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Extract Organists and Masters of the Choristers of St. Georges Chapel in Windsor Castle

John Pigott

b. circa 1690 ; d. 24 November, 1762
JOHN E. WEST's Cathedral Organists contains very few errors; but in the case of Pigott, West was wrong in calling him Francis, and in supposing him to be a grandson of Francis, Organist of the Temple Church.
The Windsor Records show most clearly that Golding's successor was John Pigott, son of Francis, Organist of the Temple.
The confusion arose perhaps from the fact that on being appointed to Windsor John Pigott did not give up his place at the Temple, where he had succeeded his father as Organist in 1704.
The Chapter minute of 3 December, 1719, reads : "Mr. John Pigott chosen organist in the room of Mr. John Go!ding". This brief statement is supplemented by a very interesting memorandum entered by Dr. Derham in his
notebook Windsor Records, iv, B, 18, fo. 110
which may be quoted in full :
"3 Dec., 1719, Mr. Priest of Bristol having somehow signalized himself for the Organist's place and somehow gotten into the favour of some of the Chapter : but Mr. Piggot having his uncle's interest, but especially very much signalizing himself this evening was unanimously chosen Organist, being allowed the favour of 15 Sundays attendance at the Temple to preserve his place there. The greatest difficulty was about the Master of the Boys, and Mr. Lamb claimed, and Mr. Piggot would have readily resigned to him in consideration of his Assistance in his absence at the Temple (I mean the whole profits of the Master of the Boys, not the half which Mr. Lamb had accepted of in Mr. Goldwyn's time). But the difficulty was that in case another Organist should be chosen, or Mr. Piggott resign the Temple and settle wholly here : in which case the Chapter did not care to put the choice of a Master out of their own power nor to part it from the Organist's place. At last it was ordered that Mr. Lamb should have the whole profits of the Master whilst he taught the boys, and that the Organist (whoever he was) should resume that place to himself whensoever he should please, provided he should teach the Boys himself. To which Mr. Lamb more than once submitted".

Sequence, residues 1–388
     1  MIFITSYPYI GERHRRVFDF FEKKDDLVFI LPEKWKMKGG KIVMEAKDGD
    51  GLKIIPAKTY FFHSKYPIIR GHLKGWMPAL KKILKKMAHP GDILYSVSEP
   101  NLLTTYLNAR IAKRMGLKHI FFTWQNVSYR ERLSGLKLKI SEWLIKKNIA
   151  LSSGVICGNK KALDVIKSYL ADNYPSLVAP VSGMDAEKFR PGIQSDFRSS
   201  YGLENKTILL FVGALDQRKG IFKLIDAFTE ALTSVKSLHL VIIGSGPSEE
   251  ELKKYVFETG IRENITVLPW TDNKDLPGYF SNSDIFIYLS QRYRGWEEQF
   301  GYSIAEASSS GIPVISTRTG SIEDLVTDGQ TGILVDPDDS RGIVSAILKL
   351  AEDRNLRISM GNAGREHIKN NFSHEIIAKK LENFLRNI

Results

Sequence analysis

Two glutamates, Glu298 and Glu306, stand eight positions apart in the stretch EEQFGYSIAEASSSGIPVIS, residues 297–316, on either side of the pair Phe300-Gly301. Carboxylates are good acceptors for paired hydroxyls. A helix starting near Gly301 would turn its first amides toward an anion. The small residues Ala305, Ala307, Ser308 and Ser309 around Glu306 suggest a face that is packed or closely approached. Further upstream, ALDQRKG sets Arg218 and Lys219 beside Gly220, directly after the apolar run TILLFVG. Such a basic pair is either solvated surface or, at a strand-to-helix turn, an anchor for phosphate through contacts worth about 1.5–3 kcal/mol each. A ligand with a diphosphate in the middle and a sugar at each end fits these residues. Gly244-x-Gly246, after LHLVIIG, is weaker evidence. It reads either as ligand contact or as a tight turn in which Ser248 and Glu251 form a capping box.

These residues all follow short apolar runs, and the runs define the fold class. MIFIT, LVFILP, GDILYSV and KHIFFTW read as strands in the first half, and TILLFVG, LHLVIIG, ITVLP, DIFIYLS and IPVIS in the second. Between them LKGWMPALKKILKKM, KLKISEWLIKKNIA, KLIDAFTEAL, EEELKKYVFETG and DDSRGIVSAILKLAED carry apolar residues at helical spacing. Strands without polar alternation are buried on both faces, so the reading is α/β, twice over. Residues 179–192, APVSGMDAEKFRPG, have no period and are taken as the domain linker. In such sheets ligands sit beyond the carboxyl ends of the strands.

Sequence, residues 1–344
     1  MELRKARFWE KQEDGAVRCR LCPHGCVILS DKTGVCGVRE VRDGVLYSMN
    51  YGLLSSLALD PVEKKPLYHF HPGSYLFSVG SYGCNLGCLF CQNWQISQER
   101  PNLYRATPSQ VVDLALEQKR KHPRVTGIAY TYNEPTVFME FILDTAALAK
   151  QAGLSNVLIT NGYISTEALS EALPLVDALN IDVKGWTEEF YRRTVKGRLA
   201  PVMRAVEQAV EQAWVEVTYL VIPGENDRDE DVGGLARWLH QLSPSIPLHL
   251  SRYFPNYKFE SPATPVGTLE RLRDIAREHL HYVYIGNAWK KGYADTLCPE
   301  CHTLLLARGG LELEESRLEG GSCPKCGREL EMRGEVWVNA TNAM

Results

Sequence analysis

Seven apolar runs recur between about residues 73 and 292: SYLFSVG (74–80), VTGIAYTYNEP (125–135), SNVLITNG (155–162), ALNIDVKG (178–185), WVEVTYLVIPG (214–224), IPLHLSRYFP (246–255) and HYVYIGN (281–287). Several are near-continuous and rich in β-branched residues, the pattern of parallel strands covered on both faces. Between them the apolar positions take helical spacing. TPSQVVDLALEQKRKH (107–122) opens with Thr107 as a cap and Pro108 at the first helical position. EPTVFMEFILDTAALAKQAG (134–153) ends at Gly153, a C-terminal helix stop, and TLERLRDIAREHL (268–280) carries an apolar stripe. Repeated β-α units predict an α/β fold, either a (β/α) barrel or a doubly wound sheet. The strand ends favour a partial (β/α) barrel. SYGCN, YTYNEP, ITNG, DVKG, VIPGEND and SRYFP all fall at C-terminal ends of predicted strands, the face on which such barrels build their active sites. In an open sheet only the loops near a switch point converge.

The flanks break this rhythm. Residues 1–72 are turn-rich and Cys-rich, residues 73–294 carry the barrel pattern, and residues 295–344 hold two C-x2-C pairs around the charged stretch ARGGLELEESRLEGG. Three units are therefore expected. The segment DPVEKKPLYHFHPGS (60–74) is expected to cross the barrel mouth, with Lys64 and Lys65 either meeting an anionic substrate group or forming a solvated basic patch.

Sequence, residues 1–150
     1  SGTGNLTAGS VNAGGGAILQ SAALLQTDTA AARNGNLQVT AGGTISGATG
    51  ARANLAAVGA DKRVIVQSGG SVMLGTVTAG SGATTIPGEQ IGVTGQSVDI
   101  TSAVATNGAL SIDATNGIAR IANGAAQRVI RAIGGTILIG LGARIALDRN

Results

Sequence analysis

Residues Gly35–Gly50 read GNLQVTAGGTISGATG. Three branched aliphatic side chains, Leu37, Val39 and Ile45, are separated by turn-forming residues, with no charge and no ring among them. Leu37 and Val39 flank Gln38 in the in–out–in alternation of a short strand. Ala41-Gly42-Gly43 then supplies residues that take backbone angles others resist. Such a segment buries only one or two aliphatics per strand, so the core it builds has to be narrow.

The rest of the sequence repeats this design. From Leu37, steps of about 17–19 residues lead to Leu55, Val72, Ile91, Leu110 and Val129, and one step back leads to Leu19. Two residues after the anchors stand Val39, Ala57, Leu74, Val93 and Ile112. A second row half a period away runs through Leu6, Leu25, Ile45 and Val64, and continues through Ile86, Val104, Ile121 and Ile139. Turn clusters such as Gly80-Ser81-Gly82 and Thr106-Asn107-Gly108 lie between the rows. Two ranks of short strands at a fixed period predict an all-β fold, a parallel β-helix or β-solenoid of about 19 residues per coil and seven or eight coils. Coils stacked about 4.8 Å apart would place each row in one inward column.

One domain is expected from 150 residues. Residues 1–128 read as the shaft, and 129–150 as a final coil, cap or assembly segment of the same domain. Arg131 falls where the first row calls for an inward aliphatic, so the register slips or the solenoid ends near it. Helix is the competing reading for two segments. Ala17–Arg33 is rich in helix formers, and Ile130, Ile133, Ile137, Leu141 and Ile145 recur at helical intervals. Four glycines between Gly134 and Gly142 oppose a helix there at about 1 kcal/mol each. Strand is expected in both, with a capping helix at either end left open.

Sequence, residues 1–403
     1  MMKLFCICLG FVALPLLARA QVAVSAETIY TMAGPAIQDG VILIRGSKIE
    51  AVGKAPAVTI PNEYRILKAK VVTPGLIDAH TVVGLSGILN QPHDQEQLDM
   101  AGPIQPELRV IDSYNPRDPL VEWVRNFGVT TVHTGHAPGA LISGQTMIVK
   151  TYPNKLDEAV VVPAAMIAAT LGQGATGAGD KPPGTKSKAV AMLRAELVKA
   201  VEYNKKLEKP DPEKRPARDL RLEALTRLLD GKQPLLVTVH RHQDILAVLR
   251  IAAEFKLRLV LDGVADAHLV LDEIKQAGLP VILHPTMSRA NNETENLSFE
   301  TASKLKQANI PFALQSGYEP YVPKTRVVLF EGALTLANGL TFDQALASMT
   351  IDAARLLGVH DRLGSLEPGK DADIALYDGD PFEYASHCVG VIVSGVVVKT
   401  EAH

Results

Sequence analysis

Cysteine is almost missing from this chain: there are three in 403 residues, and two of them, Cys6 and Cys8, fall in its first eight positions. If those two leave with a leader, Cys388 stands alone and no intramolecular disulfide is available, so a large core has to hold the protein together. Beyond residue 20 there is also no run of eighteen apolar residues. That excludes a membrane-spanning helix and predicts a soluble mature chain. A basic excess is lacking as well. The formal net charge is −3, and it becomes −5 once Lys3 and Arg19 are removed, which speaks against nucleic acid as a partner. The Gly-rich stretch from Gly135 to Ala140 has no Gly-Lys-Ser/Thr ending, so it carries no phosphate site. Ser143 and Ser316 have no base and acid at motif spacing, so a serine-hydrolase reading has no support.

Lamb was also Organist of Eton College and held that appointment from 1703 till 1733 when John Pigott succeeded him.
John Pigott's appointment, as may be judged from Derham's statement, was a definite bit of jobbery, and it would seem that Nathaniel Priest, Organist of Bristol Cathedral from 1711 to 1734, was better qualified. Pigott owed his success to the influence of Dr. Pelling, Canon of Windsor (1715-1750), who was his uncle. Pelling's sister, Anne, married Francis Pigott L, Organist of the Temple Church, and John Pigott was their son.
Dr. Pelting was Rector of St. Anne's, Soho, and Canon of St. Paul's, as well as of Windsor t. Dying unmarried, he left a large fortune, bequeathed legacies of {1000 to each of the four children of John Pigott, namely, John, Catherine, Gillary and Francis, and he appointed his nephew "John Pigott, the elder, of Windsor Castle" as his executor and residuary legatee. The Will was dated 15 Oct., 1748
John Pigott married Isabella, daughter and heiress of James Gillary, "a colonel in the army of King William" Three of their children, Catharine in 1723, Gillary in 1725, and Francis in 1732 were baptized in St. George's ChapeL Francis was called to the Bar.